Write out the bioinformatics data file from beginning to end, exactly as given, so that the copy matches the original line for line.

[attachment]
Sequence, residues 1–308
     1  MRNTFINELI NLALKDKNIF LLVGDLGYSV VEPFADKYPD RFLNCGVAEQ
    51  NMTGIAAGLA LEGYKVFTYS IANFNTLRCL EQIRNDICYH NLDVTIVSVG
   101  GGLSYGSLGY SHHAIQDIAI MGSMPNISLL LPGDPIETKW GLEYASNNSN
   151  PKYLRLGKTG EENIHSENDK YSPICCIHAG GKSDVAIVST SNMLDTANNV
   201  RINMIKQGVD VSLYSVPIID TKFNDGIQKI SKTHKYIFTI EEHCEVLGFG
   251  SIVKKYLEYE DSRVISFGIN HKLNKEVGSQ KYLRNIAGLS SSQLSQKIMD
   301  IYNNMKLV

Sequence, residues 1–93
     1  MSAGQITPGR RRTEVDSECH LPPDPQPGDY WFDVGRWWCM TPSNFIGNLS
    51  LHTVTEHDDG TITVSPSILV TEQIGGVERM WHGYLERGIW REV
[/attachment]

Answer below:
Sequence, residues 1–308
     1  MRNTFINELI NLALKDKNIF LLVGDLGYSV VEPFADKYPD RFLNCGVAEQ
    51  NMTGIAAGLA LEGYKVFTYS IANFNTLRCL EQIRNDICYH NLDVTIVSVG
   101  GGLSYGSLGY SHHAIQDIAI MGSMPNISLL LPGDPIETKW GLEYASNNSN
   151  PKYLRLGKTG EENIHSENDK YSPICCIHAG GKSDVAIVST SNMLDTANNV
   201  RINMIKQGVD VSLYSVPIID TKFNDGIQKI SKTHKYIFTI EEHCEVLGFG
   251  SIVKKYLEYE DSRVISFGIN HKLNKEVGSQ KYLRNIAGLS SSQLSQKIMD
   301  IYNNMKLV

Sequence, residues 1–93
     1  MSAGQITPGR RRTEVDSECH LPPDPQPGDY WFDVGRWWCM TPSNFIGNLS
    51  LHTVTEHDDG TITVSPSILV TEQIGGVERM WHGYLERGIW REV